Jesus wants us to see. Midweek Musing for 3/16/22

My friend Rev. Dr. Rodger Nishioka tells the story of one of his former students who is now a Presbyterian minister in a very large metropolitan city.


One day she was driving with her teenage son in the passenger seat, and she was trying to get on the interstate, but it was rush hour and they were in stop and go traffic. The kind of traffic that metropolitan areas are famous for.


As she inched along a man who was obviously homeless stood holding a cardboard sign in his hands. Back below the underpass you could see a few tents that made up a small homeless encampment.

As they got close enough, they could read the sign which if I remember Rodger's retelling of the story had onl


y 5 words.

Homeless Vet Hungry Please Help

As they came up next to him the lady reached in her purse to pull out a few dollars when her son said," Mom, it’s easier if you don't look."


To which she responded, “But Jesus wants us to see.”


In the Gospel of John, we find the following single verse of scripture that we often gloss over, but i is profound when you consider the context and the time-period.


It says in John 9:1 that as he walked Jesus saw a man blind from birth.


I think if you are like me, you might not have seen the power of that statement.


Let’s read it again - as he walked Jesus SAW a man blind from birth.


Did that help?


While usually preachers focus on the verses that follow, the very idea that Jesus sees a blind man is incredible. Jesus notices an outcast – because of his blindness, this man is a person who was ritually unclean and who was by custom and practice to be avoided. The fact that our Lord sees him is a beautiful and profound statement.


In fact, I wonder if one of the disciples whispered in Jesus's ear - "Master, it’s easier if you just don't look.''


To which our Lord might respond – “if you want to be a Kingdom build


er you need to look and see. Because if you don't see, how will you know what to do?”


Seeing of course is easier said than done. Now sometimes it is because we don't want to see.


I know someone who says they don't like the news because they are happy in their little bubble.


I totally understand this sentiment. The news is usually depressing and ugly and in recent days it has been horrific. Both the video footage and pictures out of Ukraine are disturbing to say the least. And if we really see them, or the anguish of a mom whose child died senselessly walking home from school due to gun violence, or some other gut-wrenching story of the pain found in this world, it can end up deeply impacting us.




In fact, (and I know this isn’t the macho thing to admit) but as I was watching the news the other night, I suddenly discovered tears on my cheeks.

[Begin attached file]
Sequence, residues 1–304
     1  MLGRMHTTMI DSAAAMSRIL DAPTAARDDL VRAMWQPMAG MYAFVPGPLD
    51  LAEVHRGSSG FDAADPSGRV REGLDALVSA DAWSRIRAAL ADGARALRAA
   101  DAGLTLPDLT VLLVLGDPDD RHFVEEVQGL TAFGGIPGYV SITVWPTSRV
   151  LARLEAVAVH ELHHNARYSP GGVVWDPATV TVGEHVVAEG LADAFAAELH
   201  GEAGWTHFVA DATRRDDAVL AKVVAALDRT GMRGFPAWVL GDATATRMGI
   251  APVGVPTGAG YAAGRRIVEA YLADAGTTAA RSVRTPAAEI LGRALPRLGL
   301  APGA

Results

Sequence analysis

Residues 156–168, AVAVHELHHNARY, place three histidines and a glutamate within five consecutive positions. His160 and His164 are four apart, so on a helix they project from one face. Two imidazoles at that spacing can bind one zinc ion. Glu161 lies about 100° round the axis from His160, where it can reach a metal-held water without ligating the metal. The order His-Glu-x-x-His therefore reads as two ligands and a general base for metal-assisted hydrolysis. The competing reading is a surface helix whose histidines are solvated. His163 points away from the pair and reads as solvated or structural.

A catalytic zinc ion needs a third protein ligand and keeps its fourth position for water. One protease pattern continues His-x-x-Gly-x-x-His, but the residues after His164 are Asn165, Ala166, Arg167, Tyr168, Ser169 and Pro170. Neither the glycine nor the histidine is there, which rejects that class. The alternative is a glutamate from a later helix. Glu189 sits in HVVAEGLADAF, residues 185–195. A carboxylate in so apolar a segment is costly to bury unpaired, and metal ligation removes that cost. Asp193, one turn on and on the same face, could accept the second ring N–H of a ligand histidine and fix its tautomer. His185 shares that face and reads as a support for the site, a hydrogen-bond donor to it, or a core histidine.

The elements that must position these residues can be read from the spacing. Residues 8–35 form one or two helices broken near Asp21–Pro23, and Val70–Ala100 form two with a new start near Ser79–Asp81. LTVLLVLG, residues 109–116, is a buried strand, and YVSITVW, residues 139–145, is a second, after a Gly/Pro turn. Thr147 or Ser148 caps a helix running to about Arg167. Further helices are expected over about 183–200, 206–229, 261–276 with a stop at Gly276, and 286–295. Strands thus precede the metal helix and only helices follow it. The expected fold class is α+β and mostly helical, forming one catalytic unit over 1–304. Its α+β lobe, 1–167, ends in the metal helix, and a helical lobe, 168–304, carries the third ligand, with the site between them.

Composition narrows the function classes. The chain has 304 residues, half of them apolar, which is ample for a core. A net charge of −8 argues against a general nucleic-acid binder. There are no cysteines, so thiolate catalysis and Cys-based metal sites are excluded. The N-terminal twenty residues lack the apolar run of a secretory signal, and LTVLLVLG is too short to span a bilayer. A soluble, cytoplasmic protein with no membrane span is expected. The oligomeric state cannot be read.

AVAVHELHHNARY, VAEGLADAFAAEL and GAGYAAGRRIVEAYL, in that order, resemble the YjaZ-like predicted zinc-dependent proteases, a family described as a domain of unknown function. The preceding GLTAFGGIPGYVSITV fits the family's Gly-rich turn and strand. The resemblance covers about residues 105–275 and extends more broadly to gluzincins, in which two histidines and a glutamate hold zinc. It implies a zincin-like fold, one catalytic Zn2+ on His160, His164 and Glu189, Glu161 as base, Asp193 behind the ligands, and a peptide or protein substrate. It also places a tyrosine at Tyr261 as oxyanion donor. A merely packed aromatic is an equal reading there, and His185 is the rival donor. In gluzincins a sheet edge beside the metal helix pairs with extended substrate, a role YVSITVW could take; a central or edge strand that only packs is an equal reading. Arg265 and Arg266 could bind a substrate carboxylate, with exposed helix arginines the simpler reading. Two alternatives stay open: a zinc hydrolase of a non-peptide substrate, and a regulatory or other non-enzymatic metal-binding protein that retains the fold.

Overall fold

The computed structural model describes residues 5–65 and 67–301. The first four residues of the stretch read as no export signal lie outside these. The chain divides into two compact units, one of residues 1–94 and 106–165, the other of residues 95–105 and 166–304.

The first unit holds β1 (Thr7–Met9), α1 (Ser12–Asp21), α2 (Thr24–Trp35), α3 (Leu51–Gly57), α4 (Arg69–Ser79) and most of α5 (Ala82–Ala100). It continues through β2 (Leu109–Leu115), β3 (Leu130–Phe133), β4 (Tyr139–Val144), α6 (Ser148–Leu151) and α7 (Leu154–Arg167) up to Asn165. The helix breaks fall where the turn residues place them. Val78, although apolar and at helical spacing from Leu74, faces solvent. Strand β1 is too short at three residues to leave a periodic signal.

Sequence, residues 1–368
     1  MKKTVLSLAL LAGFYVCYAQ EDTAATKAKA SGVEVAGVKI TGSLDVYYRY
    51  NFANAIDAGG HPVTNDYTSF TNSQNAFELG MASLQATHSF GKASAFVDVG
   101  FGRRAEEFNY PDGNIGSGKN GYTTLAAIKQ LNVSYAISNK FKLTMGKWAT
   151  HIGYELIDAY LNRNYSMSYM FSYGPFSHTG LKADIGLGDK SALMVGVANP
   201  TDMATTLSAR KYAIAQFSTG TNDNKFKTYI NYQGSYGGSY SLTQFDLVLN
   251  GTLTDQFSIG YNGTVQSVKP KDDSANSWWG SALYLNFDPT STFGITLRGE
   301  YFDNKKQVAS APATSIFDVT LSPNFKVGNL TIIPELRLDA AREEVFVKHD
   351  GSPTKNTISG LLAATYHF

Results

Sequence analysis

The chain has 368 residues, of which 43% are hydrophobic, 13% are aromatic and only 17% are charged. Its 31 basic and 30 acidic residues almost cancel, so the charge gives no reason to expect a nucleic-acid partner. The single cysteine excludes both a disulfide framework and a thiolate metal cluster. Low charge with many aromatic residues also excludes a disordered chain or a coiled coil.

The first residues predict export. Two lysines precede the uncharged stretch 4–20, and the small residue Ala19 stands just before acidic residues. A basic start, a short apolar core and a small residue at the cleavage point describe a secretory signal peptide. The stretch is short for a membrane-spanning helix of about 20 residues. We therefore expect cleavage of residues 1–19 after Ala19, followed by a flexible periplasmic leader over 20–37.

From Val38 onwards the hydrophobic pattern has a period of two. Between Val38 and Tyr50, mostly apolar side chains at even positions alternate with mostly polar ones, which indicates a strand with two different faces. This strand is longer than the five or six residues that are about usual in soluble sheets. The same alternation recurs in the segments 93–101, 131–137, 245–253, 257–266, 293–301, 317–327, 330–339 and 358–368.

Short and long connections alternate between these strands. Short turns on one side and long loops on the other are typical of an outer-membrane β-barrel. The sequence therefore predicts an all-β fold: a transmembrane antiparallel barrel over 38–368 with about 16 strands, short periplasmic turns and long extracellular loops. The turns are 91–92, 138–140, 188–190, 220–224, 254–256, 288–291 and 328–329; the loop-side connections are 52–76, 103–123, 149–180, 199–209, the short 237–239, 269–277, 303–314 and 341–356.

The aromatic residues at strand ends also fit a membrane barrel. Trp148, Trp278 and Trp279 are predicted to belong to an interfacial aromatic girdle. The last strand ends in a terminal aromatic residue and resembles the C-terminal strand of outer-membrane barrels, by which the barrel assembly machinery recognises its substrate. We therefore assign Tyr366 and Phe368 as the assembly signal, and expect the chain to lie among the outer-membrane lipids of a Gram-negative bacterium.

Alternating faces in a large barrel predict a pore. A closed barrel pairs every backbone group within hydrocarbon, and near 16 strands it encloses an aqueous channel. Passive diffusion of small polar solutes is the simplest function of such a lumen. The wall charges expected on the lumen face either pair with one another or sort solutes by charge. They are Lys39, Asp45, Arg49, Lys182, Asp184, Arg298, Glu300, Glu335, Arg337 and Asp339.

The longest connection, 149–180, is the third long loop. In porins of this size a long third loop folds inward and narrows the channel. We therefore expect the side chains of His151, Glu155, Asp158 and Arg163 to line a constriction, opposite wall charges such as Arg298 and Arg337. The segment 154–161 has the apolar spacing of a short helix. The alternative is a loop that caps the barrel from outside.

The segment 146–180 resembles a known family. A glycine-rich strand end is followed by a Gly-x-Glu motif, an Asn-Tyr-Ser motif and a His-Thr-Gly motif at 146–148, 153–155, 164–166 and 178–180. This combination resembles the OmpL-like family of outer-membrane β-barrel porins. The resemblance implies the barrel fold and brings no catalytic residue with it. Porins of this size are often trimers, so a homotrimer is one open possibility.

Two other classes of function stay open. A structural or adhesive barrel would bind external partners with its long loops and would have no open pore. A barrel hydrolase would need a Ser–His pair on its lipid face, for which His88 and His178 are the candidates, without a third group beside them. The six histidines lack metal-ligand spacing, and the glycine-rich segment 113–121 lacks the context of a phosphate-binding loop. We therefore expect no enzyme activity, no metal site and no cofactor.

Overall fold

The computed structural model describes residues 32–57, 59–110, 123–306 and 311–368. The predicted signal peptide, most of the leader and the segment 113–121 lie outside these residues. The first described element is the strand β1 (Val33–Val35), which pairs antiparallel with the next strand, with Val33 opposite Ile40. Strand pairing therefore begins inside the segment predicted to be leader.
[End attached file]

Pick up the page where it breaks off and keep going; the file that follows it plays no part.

Folks, this is why we need to see hard things. We need to know where to send prayers and do acts of compassion, and yes, we need to know for whom we may need to shed our tears.


Another reason we may not see things is because we are so busy. I especially struggle with this, and I think it is most noticeable at my work. I stay busy and have a to-do list that I want to get done. I have even been known to joke that I think I might m


iss seeing something important like a body lying in the hall if it is between me and completing a task on my to do list.


The truth is I am so bad at seeing what I should that more than once I have been called out by folks for missing that which I should have clearly seen.


I might even have the same issue as a husband and father but now I am moving from preaching to meddling - and I am the preacher!


As I know this is one of my “areas of growth” (“areas of growth” is administrative evaluation talk for something I am bad at) I was reading a devotional book on listening and seeing and discovered a little one-line prayer that struck home with me because it said so well what I need help from God in doing and so I typed it up and taped it to my desk.


I read it every morning and even notice it during the day.



It simply says: "God, help me to notice what you want me to see."



Has doing this fixed my missing that I which I should see? Absolutely not! But it has helped.


You see I think sometimes admitting the things we need to work on is a great first step.

Because even though I sometimes want to look away, and even though seeing sometimes gets in the way of my plans, the truth is this—


Jesus saw those who were hurting. Those who the world tried to make invisible and even if it is easier to look away—Jesus wants us to see. Lord open our eyes I pray.


In the name of the Father and the Son and the Holy Spirit, Alleluia Amen.

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